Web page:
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AnswerPolitical deaths in the last half of the 20th century total up to approximately 55,000,000 deaths.

The largest portion of this occurred in China during the "Great Leap Forward".

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The VFW, in their book Cold War Clashes: Confronting Communism, 1945-1991, document 382 American servicemen killed by hostile fire during the "cold" portion of the Cold War. That number is of unclassified and documented deaths, and it does not include training/operational deaths or the deaths during the Korean Police Action or the Vietnam Conflict. Also, that number does not include civilian deaths due to the Cold War or intelligence personnel killed.

To put the 382 casualty number in perspective, the Spanish American War had 385 "Battle deaths" and there were 147 "Battle deaths" during the Gulf War (1990-1991). So, the "cold" portion of the Cold War had 3 fewer unclassified US service member deaths than the Spanish American War and more than double the casualties of the Gulf War.

Officially, the period of the Cold War was from 1945-1991 and should include the 33,741 Battle deaths of Korea and the 47,424 Battle deaths of Vietnam for a grand total of 81, 547 US Service members killed by hostile fire during the Cold War.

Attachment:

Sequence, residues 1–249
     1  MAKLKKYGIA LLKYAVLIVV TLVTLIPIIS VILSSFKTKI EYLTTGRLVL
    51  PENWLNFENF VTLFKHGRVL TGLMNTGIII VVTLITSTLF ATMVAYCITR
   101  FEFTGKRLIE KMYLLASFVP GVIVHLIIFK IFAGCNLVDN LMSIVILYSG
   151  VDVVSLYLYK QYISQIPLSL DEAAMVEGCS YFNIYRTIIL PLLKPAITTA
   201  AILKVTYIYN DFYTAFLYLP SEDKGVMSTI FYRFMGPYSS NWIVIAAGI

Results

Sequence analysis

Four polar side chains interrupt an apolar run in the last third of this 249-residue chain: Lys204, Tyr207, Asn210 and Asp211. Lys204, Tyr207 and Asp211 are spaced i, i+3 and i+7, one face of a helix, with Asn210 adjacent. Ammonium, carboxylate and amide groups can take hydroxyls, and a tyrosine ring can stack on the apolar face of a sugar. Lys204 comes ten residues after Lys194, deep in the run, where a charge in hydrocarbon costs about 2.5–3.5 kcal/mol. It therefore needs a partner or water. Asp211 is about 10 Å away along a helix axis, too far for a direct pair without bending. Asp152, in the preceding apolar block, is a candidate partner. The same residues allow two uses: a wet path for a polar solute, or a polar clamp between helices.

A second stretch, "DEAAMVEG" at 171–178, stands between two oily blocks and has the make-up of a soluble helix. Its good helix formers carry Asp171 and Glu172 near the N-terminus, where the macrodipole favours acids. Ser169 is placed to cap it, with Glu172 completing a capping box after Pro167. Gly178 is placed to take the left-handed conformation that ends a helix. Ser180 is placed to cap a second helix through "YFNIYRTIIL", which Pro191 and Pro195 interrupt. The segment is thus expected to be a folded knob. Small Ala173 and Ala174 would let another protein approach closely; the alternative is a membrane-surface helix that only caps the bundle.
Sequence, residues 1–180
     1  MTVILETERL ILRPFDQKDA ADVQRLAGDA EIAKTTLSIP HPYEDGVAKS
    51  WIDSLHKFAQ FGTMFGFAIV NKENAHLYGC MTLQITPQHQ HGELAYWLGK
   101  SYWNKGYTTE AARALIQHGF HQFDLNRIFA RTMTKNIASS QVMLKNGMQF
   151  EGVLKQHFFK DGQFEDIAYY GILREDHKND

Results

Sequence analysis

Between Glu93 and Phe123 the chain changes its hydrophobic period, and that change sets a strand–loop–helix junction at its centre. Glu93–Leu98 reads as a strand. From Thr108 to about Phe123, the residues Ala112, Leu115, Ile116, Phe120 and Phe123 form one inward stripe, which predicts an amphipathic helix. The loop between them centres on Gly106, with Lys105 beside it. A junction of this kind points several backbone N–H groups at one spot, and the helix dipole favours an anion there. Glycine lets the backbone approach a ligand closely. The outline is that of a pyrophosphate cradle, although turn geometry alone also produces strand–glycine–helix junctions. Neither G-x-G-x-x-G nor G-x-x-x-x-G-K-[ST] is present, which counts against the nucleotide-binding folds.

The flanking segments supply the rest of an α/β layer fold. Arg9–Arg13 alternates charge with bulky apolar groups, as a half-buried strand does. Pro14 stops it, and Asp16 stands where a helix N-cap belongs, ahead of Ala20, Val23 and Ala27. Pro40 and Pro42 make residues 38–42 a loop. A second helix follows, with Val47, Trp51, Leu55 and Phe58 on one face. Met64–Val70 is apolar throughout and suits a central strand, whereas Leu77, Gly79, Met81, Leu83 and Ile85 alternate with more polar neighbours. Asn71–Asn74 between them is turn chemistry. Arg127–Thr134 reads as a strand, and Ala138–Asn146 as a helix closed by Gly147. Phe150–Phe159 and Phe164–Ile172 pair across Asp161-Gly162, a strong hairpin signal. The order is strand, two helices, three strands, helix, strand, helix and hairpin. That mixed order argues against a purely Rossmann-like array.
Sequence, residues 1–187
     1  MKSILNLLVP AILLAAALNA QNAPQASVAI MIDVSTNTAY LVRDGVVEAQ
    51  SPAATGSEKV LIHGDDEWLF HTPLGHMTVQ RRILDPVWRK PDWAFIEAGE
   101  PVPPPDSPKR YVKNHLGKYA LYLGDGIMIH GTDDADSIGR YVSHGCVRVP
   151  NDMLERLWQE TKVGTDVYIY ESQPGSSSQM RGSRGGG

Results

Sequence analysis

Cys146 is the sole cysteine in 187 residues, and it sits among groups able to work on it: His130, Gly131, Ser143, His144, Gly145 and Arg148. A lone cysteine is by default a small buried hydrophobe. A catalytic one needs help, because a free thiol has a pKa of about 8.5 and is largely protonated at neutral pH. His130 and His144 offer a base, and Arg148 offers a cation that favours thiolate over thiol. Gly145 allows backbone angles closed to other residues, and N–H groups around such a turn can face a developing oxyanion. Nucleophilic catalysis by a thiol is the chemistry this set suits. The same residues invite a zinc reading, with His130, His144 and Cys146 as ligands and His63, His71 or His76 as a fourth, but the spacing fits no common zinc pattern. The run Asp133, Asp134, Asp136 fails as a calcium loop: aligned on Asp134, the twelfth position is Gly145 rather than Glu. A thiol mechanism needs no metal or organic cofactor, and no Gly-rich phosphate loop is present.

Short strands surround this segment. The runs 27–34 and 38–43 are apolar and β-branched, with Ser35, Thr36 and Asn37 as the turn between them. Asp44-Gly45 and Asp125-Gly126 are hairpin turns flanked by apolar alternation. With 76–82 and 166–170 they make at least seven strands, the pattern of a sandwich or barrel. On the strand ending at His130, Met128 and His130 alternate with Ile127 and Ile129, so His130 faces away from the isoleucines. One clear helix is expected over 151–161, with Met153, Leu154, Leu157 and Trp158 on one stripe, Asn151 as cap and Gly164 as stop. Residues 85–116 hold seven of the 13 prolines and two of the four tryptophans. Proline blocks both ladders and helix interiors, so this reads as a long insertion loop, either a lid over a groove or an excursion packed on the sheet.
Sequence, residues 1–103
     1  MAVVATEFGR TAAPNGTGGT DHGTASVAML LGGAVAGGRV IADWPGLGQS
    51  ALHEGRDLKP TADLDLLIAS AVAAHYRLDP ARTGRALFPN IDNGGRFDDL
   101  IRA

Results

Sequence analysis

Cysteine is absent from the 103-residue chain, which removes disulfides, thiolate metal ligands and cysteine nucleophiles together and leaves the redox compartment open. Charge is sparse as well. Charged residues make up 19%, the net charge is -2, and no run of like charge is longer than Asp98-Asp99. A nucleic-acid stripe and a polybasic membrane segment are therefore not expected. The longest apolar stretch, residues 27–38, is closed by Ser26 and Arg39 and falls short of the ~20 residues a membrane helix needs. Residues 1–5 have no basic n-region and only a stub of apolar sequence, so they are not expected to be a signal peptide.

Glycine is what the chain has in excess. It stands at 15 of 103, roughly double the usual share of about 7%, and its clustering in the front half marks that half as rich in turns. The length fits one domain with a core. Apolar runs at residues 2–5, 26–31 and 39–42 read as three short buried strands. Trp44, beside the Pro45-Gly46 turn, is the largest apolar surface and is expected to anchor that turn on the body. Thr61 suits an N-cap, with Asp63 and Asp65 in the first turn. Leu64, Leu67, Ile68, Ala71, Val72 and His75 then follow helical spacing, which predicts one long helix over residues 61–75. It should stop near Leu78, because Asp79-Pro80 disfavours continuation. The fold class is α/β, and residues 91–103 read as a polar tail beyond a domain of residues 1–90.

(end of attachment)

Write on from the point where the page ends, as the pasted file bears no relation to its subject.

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9y ago
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13y ago

Not quite sure. but the cold war wasn't really a fighting war. It was a war between America and the Soviet Union (OR maybe it was Russia) on who could develop faster.

World War II created the need for military industrial government complexes of vast proportions. The Cold War was a direct product of the failure to dismantle these war machines when the war ended. In the USA, the Soviet Union, Britain and China, the World War II machines were kept intact, and even expanded with greater political influence, and economic domination. This lead to "unintended and disastrous consequences", to quote the words of President Dwight D. Eisenhower.

A "Cold War" death is any death attributable to the post war existence of these military industrial government complexes, which are offensive war machines, not the National Defense preparedness customary in peacetime.

Today the US Military Industrial Congressional complex dominates American foreign policy. States depend on weapons plants and military bases to provide income and jobs. Non military states get government subsidy and pork barrel project votes in return for their favorable vote on military projects in military states. Soldiers are not adding to unemployment lines. The stock market advances with the aid of huge Military weapons profit margins. Technological advancement escalates the cost and the ease of use of weapons. All of this promotes the uses of military weapons, and causes "Cold War" deaths.

There are many kinds of cold war deaths. Combat personnel, civilian, clandestine activity, military exercise casualties, and political deaths such as assassinations, mob violence, sympathetic suicides and social turmoil.

The Cold War had the greatest ever potential for loss of life because of the Nuclear arms race. Russia's Tsar bomb was never tested at full power. The potential for atmospheric reaction was so great, that it could have easily ended all oxygen dependent life on Earth with a single nuclear explosion.